I left the shelter late this morning because I only planned to hike 14 miles. The heat began to drain my energy as soon as I began climbing the hills in Vermont. I walked though a lot of pastureland today. The hills are still challenging, but the miles are pleasant. The heat is the hardest part of Vermont so far. The fields offer no protection from the sun so I relish every moment spent in the tall hardwoods.
Today I crossed and walked along old stone walls. The walls amazed me, they mesmerized me actually. As I hiked the flat trail paralleling the stone walls, I watched the changing stones as I passed. The way that they all fit together, like a puzzle, amazed me. Many of the stones were probably carted by horse to the location and stacked by human hands. Flat rocks, long rocks, cubical rocks, and spherical. They all fit together so perfectly. I examined the wall with my hands, feeling the rocks and green moss. The wall had been made to last hundreds of years. Today it stands as a reminder of old property lines and hard work. The walls really captured my imagination, and I thought about all the hands that may have touched the miles of rocks, the wealthy men on horses that leapt the walls in a foxhunt, or two young lovers meeting secretly at a prearranged point in the remote corners of their adjoining properties. I was transported to early America, and my mind ran wild on the trip. I was told tonight that I will see many more of those walls on the trip and that many are in better shape than the ones that I saw.
As I hiked today I came across several people that told me about a country market on Route 12. When I got to the road, I took the 0.2 miles detour to escape the 2:00pm heat. I had already hiked 8 miles, so I figured a break wouldn’t hurt. I sat on the porch of the small building and ate strawberry ice cream, drank Diet Cokes and Gatorade and ate chips and candy bars. I met another southbound section hiker named Dave. He is from Fayetteville, NC. He will only be on the trail for three more weeks, but we hike at similar pace so we may be spending time together.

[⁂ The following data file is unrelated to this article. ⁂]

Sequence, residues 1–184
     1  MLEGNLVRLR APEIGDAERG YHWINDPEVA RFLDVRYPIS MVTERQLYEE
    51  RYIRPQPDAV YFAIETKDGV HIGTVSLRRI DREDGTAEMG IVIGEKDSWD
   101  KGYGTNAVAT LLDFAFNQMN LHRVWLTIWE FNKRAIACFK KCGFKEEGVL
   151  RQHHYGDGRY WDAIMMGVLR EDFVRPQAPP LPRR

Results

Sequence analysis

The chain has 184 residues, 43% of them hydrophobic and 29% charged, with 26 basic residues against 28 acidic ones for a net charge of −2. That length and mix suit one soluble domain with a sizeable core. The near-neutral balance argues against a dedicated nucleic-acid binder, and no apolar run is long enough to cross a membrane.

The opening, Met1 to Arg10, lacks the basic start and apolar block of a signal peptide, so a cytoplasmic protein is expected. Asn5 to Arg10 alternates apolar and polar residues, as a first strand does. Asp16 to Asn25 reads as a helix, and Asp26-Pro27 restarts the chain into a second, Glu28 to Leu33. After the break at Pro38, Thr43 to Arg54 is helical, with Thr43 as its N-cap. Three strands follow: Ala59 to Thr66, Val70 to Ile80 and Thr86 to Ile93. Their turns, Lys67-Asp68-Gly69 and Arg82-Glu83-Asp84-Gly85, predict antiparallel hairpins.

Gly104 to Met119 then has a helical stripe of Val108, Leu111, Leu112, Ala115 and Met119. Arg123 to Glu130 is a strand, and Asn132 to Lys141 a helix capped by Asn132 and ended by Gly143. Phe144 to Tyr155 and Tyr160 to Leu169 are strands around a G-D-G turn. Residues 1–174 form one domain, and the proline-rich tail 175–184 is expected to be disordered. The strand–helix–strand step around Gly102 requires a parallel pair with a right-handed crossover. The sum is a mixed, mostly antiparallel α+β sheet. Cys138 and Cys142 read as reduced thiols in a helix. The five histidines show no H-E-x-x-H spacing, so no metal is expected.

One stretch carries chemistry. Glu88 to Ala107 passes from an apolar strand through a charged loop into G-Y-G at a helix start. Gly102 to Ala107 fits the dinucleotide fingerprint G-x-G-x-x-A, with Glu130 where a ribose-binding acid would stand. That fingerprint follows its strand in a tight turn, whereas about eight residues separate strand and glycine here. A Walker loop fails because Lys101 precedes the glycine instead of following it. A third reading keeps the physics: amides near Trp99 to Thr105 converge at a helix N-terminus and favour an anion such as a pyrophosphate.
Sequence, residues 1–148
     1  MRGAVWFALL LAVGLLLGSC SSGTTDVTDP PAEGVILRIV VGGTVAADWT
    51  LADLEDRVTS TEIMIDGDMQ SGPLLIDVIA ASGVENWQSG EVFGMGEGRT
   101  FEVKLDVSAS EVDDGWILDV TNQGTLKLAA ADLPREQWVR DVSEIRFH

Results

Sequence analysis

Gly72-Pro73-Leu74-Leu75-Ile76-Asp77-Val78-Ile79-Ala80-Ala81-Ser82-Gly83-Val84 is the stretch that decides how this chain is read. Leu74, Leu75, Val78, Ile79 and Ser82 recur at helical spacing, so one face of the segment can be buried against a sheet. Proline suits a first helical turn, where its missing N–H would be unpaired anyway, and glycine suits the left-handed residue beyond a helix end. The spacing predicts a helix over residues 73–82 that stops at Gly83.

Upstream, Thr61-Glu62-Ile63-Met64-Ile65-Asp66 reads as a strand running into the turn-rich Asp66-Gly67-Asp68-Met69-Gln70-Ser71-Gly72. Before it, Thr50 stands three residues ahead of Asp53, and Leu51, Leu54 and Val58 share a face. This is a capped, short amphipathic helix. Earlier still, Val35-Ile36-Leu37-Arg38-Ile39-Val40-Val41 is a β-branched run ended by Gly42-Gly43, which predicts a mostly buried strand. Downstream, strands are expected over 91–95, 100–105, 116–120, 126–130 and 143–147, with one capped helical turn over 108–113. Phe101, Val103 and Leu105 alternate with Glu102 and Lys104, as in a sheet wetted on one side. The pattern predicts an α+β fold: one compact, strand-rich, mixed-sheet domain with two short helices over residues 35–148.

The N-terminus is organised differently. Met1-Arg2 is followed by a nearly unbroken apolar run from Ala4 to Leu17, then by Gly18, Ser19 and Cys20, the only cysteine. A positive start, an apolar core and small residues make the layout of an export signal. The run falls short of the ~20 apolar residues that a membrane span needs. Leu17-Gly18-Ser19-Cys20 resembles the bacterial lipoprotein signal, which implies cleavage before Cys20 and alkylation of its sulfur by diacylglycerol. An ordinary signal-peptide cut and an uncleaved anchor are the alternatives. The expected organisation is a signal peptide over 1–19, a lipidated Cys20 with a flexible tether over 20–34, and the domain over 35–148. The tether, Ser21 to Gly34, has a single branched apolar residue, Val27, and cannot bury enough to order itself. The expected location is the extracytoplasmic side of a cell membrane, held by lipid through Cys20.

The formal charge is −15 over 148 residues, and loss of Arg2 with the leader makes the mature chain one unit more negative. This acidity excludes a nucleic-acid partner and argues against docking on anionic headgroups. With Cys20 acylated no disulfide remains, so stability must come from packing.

Again today I stopped short of my intended destination. I hiked 12 miles, not 14. The shelter at 14 miles had no water, and I only have the capacity to carry 1½ liters since I lost my Camelback. A couple days ago, my backpack caught on a tree and I jerked it loose. As I found out miles and miles later, the limb had snagged my Camelback and yanked it out of my pack. It was too far for me to turn back to retrieve. In Hanover, however, the middle brother of the three brothers showed up after me with a Camelback just like the one I had lost. I asked him if he had found it on the trial. He said no. Tonight he came to the shelter where I am sleeping. I took a closer look at the Camelback. It is missing the mouthpiece like mine. I think I will ask him again tomorrow if he is sure he didn’t pick it up on the trial. I’ll never get a straight answer out of him. He is the same brother that got arrested for stealing the credit card in Gorham. I can never prove that he took it and I’ll never know for sure, but at least I can let him know I am suspicious and maybe he will stay away from the rest of my stuff.
Forget that. I used my alcohol stove for the first time tonight. I ran out of propane cooking last night’s dinner. A strange thing happened at the shelter though. I have never had all the pieces needed to use the alcohol stove. I figured that I could use rocks as a windshield and to prop the pot on. At the shelter though, I found all the pieces that I needed. They had been left by another hiker. I also found a new tube of toothpaste, which I needed, and a full bottle of Purel hand sanitizer, which I needed. Also, a man gave me a bag of cranberries, a packet of bacon and an Inertia spaghetti meal. Good stuff. He also gave me a mousetrap. I already killed one this evening.
Tomorrow I’ll hike to within a couple miles of Killington, VT. The next day I will stop in town and pick-up my mail drop. The mail drops are proving troublesome. They are tough to time. I still have a few days of food leftover. So, I’ll be carrying extra weight. I do need to make sure that I don’t take a zero in Killington. No more zeroes until Kent, CT.